Skip to main content




Service Studio version:


  • Edit
    Collaborate with us
    Edit this page on GitHub
  • Entities are elements that allow you to persist information in the database and to implement your database model. You can think of them as database tables or views.

    An Entity is defined through Entity Attributes that store the information related to it. Examples of entity attributes are: Name, Address, Zip Code, City and so on.

    Primary Key

    In OutSystems, a primary key is called Entity Identifier.

    When an Entity is created, an attribute called Id is automatically added as Entity Identifier. By default, it is of data type Long Integer and its value is automatically calculated in sequence (an AutoNumber in OutSystems). This way, you don't have to implement any specific logic to uniquely identify each entity record.

    You can use other data types as Entity Identifiers or switch off the AutoNumber in an attribute. In these cases, you have to implement the logic to uniquely identify each entity record.

    To set another attribute as Entity Identifier simply go to that attribute, right-click and set it as identifier.

    In OutSystems, it is not possible to have composite keys because only one attribute can be the Entity Identifier. But you can use indexes to create alternate keys (see more below about indexes).

    Sequential Attributes

    Sequential attributes are useful for Entity Identifier attributes. It is an easy way to ensure that each record has a unique primary key.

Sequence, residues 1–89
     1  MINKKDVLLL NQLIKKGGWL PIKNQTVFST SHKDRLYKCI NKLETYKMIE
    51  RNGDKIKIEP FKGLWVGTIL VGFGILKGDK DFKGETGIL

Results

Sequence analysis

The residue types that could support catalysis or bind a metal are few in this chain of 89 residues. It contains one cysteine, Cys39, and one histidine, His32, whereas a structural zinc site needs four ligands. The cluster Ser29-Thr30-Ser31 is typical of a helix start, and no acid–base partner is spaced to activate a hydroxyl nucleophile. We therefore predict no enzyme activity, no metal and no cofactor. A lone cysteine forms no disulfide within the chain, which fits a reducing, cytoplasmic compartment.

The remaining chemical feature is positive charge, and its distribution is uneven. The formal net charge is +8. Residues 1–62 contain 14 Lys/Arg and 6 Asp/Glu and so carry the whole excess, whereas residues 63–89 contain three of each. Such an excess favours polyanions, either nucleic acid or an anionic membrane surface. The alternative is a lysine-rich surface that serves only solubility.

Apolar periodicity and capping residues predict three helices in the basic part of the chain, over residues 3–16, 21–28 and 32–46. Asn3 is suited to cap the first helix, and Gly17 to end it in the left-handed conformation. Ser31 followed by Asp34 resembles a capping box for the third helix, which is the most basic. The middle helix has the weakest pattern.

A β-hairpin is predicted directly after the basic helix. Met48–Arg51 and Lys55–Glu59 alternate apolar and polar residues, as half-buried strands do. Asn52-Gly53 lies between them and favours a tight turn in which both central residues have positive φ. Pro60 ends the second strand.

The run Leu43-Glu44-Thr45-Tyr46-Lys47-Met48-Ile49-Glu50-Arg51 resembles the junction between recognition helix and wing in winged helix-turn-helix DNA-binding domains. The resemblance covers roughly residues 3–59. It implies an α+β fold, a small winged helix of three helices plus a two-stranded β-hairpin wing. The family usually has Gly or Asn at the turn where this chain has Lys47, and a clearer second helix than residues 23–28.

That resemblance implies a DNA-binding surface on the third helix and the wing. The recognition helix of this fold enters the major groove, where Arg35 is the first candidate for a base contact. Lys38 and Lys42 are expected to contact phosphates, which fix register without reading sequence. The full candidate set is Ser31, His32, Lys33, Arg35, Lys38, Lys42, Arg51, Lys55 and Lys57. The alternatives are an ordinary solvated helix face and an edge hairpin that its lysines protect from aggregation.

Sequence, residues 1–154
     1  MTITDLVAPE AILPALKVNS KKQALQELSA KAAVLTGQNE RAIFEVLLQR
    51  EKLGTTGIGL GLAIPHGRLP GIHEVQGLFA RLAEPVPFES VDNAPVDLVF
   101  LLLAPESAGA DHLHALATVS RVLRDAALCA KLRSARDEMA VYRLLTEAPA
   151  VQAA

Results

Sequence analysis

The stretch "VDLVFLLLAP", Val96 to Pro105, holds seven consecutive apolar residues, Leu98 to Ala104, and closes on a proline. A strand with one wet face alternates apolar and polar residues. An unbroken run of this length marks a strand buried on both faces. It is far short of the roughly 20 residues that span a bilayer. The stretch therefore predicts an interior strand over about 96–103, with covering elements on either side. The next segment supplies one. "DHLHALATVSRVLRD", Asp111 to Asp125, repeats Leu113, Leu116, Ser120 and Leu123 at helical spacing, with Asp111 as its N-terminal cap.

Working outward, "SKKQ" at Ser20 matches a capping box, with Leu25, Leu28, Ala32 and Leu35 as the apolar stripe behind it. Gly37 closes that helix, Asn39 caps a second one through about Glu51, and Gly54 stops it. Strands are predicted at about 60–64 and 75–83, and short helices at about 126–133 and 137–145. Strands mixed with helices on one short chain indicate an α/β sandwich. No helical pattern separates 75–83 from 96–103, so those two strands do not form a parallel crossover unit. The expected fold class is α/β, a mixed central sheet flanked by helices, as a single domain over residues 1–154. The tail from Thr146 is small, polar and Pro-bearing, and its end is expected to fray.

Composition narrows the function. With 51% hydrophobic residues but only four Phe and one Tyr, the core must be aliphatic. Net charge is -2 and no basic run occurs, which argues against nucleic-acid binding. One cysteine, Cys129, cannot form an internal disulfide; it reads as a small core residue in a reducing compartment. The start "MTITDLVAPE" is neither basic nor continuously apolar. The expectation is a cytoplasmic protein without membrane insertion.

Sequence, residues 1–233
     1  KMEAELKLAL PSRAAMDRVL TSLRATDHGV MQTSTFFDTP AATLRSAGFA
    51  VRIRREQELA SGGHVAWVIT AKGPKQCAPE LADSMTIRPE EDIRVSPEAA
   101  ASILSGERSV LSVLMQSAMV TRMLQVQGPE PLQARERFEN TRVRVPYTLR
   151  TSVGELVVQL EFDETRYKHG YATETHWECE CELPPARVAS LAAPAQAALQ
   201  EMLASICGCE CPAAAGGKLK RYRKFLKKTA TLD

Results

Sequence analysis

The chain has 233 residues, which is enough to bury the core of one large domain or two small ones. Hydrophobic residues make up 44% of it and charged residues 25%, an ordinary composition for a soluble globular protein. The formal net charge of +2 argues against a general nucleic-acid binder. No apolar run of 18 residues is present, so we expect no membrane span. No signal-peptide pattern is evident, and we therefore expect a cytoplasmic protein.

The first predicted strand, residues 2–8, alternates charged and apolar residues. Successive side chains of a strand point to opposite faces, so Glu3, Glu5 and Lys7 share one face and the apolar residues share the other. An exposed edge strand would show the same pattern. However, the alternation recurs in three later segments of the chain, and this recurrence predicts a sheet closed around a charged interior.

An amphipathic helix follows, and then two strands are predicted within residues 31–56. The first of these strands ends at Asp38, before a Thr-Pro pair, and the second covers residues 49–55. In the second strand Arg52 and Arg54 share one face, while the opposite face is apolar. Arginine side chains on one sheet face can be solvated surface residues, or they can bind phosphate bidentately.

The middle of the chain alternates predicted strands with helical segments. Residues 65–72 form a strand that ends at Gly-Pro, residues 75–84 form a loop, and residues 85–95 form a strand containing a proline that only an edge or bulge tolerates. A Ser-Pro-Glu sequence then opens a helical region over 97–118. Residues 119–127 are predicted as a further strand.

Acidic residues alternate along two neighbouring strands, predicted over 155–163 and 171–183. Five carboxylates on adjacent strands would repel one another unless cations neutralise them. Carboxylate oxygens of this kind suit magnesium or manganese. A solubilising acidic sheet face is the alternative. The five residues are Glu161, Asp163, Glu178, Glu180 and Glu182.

When creating new records in the database with Entity Actions, the platform automatically calculates a new sequential and unique value.

    There can be only one sequential attribute per Entity.


    Like in relational databases, OutSystems provides indexes for faster access to data in the entity. If you usually search or sort by one or more attributes of the entity, you can create an index based on those attributes to make it faster.

    Indexes can also be used to create alternate and composite keys.

    When creating an index there is always a relevant trade-off between fetching and inserting data as it may bring some overhead to the latter.

    Impacts when Changing Entities

    When you create a new entity attribute, the platform automatically manages the update of all records stored in the database for you. The new attribute is added to the records and set with the default value for its data type.

    When you set an entity attribute as mandatory it is automatically validated on the user interface by the platform. However, in the database, mandatory attributes are created allowing null values thus, at the database level there's no validation for mandatory attributes.

    When you delete an entity or an entity attribute, the platform is permissive and lets you do it whether it is being used or not, but you must fix the elements where it is being used. In the database, the entity or entity attribute is not deleted by the platform.

    • Was this article helpful?